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    Perceptuo-motor, cognitive, and description-based decision-making seem equally good

    Jarvstad, A. and Hahn, Ulrike and Rushton, S.K. and Warren, P.A. (2013) Perceptuo-motor, cognitive, and description-based decision-making seem equally good. Proceedings of the National Academy of Sciences of the United States of America 110 (40), pp. 16271-16276. ISSN 0027-8424.

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    Classical studies suggest that high-level cognitive decisions (e.g., choosing between financial options) are suboptimal. In contrast, low-level decisions (e.g., choosing where to put your feet on a rocky ridge) appear near-optimal: the perception–cognition gap. Moreover, in classical tasks, people appear to put too much weight on unlikely events. In contrast, when people can learn through experience, they appear to put too little weight on unlikely events: the description–experience gap. We eliminated confounding factors and, contrary to what is commonly believed, found results suggesting that (i) the perception–cognition gap is illusory and due to differences in the way performance is assessed; (ii) the description–experience gap arises from the assumption that objective probabilities match subjective ones; (iii) people’s ability to make decisions is better than the classical literature suggests; and (iv) differences between decision-makers are more important for predicting peoples’ choices than differences between choice tasks.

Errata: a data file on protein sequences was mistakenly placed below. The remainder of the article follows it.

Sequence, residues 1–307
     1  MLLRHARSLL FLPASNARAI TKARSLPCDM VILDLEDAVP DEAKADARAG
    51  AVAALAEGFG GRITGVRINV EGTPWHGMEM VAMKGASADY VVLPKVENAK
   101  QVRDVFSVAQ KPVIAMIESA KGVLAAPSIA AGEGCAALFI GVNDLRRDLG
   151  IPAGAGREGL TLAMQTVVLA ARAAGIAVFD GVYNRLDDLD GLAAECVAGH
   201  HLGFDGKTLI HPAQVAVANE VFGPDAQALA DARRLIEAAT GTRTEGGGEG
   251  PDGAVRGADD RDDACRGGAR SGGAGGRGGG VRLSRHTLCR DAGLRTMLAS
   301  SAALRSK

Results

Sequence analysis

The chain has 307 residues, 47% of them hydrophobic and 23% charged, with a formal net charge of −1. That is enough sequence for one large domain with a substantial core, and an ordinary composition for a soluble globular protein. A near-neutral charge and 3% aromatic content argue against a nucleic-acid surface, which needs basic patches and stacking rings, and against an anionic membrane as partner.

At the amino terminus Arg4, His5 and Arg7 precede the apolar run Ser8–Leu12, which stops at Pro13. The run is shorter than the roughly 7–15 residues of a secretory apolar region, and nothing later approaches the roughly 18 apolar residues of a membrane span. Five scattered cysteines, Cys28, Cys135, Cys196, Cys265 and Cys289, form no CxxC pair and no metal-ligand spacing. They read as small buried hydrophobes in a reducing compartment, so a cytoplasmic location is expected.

Item Type: Article
    School: Birkbeck Faculties and Schools > Faculty of Science > School of Psychological Sciences
    Research Centres and Institutes: Birkbeck Knowledge Lab
    Depositing User: Administrator
    Date Deposited: 20 Feb 2014 14:35
    Last Modified: 02 Aug 2023 17:09


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